‘I was sure painful death was ahead’: Disabled man who spent 19 days in detention talks with RT
Anton Mamayev, 28, was put in detention on June 30 for alleged armed assault and sentenced to 4.5 years. However, the man has a rare disease with major muscular atrophy as a constant condition. He can’t eat or move on his own, so a few days ago, due to the efforts of lawyers and human rights activists, Mamayev was freed.
RT was among the first media to speak with the released man.
Crime? And punishment
He was accused of an alleged armed attack and robbery while assisting to sell a scooter. Investigators claimed that Mamayev, along with his two accomplices, as well as with 27-year-old Vasily Seroshtanov, who helped him move in the wheelchair, stole the scooter from Dmitry Malov, 38, and his friend, threatening them at gunpoint.
However, Mamayev’s version differs a lot from that of the investigation.
“The investigator has the recording of this meeting. I asked them for their scooter, showed it to someone, took a photo and posted an online ad. In a few days, I already had a potential buyer, I went and arranged a deal – everything was totally legal.”
However, things turned sour later on when the “agreement of sale and purchase was turned against me, using it as a proof of being linked to a crime,” Mamayev told RT.
Asked why he wanted to sell the scooter in the first place, the man said, “I don’t earn millions. I have a desire and a capacity to earn money. I’m a grown man, should pay for my daughter’s and wife’s food and clothes. And when I get a chance, without doing much, to earn 40-50,000 rubles [$680-840], why should I refuse?”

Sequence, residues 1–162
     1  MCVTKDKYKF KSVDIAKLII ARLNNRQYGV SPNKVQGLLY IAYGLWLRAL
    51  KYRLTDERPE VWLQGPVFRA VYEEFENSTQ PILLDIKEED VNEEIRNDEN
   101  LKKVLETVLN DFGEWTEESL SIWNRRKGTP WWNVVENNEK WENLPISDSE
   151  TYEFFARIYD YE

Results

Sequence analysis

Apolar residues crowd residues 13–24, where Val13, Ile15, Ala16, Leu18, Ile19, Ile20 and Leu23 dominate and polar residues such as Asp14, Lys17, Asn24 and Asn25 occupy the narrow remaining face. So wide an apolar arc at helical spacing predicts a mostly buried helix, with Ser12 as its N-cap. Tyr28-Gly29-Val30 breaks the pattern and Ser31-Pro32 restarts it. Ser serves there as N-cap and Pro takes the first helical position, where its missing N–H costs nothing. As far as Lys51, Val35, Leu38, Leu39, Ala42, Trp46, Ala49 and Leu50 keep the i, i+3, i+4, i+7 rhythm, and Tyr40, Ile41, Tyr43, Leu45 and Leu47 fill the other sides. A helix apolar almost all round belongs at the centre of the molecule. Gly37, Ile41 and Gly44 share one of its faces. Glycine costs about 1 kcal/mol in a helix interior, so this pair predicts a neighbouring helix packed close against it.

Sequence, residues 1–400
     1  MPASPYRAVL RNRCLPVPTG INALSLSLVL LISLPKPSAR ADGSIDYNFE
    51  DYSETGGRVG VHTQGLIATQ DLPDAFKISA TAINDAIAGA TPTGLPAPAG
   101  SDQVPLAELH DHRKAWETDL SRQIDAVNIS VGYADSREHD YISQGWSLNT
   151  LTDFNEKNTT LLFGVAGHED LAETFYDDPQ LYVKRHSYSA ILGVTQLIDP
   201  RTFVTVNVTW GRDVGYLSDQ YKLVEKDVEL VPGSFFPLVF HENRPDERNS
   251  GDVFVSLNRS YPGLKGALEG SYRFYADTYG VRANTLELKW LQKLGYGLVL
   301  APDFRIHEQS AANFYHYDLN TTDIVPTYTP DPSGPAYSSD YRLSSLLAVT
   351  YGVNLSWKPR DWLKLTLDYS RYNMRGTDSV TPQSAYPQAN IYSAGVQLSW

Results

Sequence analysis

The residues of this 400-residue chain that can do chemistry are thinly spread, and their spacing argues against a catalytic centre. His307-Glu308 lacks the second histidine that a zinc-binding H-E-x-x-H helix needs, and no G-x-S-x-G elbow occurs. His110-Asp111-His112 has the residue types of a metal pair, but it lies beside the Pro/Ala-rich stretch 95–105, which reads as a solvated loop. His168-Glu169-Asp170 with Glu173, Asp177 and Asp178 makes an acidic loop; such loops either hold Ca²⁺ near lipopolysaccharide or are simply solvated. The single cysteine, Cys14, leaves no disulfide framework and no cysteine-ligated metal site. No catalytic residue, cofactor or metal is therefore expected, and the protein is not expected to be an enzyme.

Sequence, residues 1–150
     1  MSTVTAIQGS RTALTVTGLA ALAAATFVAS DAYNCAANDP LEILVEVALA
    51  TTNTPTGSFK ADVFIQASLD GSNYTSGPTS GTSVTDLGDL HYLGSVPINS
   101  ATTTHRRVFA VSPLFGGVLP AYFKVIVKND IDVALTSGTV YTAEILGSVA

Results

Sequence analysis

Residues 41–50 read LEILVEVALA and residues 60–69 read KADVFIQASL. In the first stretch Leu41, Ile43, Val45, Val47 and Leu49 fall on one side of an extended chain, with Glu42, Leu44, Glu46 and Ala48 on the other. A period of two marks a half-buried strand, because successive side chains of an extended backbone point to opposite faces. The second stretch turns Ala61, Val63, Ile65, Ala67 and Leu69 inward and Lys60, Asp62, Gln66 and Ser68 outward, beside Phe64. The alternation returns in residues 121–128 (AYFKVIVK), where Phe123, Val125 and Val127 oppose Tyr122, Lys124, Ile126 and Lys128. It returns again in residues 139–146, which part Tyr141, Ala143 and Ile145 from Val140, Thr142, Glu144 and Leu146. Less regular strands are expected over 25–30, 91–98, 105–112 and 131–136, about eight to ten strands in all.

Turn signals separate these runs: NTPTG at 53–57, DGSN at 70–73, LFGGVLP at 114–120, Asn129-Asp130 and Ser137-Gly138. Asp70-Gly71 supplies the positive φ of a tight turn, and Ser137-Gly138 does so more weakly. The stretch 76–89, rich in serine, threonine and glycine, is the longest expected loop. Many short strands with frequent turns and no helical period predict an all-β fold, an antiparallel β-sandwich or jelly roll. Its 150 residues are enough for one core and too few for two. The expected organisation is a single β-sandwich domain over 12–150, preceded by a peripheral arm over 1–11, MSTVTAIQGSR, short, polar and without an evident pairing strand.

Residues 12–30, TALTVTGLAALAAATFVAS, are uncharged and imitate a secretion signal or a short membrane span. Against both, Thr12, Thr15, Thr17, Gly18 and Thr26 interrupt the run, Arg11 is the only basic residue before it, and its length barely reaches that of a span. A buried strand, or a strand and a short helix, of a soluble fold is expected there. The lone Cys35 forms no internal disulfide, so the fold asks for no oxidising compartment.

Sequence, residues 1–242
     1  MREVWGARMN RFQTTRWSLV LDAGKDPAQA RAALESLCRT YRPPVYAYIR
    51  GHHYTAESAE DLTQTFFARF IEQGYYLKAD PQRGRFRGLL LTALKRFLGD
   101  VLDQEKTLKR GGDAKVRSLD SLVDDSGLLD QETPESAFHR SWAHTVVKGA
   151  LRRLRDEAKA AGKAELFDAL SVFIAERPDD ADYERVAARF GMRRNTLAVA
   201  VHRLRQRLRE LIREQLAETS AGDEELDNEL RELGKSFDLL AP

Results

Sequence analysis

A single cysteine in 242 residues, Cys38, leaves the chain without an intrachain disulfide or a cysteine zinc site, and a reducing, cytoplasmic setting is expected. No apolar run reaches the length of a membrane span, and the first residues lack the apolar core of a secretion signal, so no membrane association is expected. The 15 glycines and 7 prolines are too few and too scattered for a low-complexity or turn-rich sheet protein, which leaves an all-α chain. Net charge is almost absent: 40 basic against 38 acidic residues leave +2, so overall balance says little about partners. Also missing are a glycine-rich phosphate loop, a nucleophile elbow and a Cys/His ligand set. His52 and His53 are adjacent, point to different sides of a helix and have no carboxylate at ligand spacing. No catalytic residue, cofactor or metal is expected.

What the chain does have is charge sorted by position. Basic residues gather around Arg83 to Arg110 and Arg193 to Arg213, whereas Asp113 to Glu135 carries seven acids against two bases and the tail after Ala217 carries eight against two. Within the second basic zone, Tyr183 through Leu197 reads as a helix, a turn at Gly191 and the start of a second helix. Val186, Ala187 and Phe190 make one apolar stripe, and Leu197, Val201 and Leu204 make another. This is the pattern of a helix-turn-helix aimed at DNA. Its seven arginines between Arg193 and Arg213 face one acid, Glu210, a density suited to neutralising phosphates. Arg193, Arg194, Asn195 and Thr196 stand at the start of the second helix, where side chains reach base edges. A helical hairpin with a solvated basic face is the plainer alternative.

Mamayev also noted that he was not the one who made the offer in the first place.
What followed was a much-covered case, with Mamayev put into a detention center and sentenced to 4.5 years. He was desperate and hopeless at first, he told RT.
“I understood that my life and family had been taken away from me, and I might never see them again. I realized that I wouldn’t survive there long, was sure that slow and painful death in prison was ahead.”
‘Everyone was surprised to see me in jail’
Things changed when human rights activists intervened three days later.
“They explained that due to my illness, I shouldn’t have been sent to prison in the first place. This gave me hope that I may get out,” Mamayev said.
The detention center staff and prisoners were astonished to see Mamayev join them.
“They were coming to see me, like an excursion, and of course everyone was curious to know how I ended up behind bars. They were at a loss, and I couldn’t answer them – I don’t understand why I was put into jail myself.”
Asked how he was met at home, Mamayev said, “Very emotionally, with tears. Even my child was weeping, although she is only three years old. She asked where the father is every day. They said I was at a hospital.”
‘I realized I was in love’: On meeting his future wife Alexandra
Anton Mamayev has been in a five-year partnership with Alexandra, and they have a three-year-old daughter. He shared with RT the details of how they met and understood they were made for each other.
“I was the head of a night club five years ago, talked to the club visitors in social networks a lot – that’s my approach: I always want to know what people think, what they don’t like. Sasha [short for Alexandra in Russian] wrote, asked about an event. I answered. Don’t really know why, but decided to write to her the next day, to find out how she was doing. That’s how we began seeing each other, but I was doubtful it would last.”
“Honestly, I have always had enough attention from women. But relationships didn’t last over two-three weeks, then I grew tired of the girls.”
Soon, however, Mamayev realized he was in love.
“In eight months, we rented an apartment, and started living together.”
The feeling was mutual, though many tried to talk Sasha out of it, “although many of Alexandra’s friends had healthy guys who couldn’t give them what I gave to Sasha.”
“That’s why many were jealous of it, and tried to destroy our relationship. But we have always coped with it.”
The next thing he would like to do after all he’s been through is “to fix a mistake.” Anton wants to marry Sasha, registering their bond officially. They are now living in civil partnership.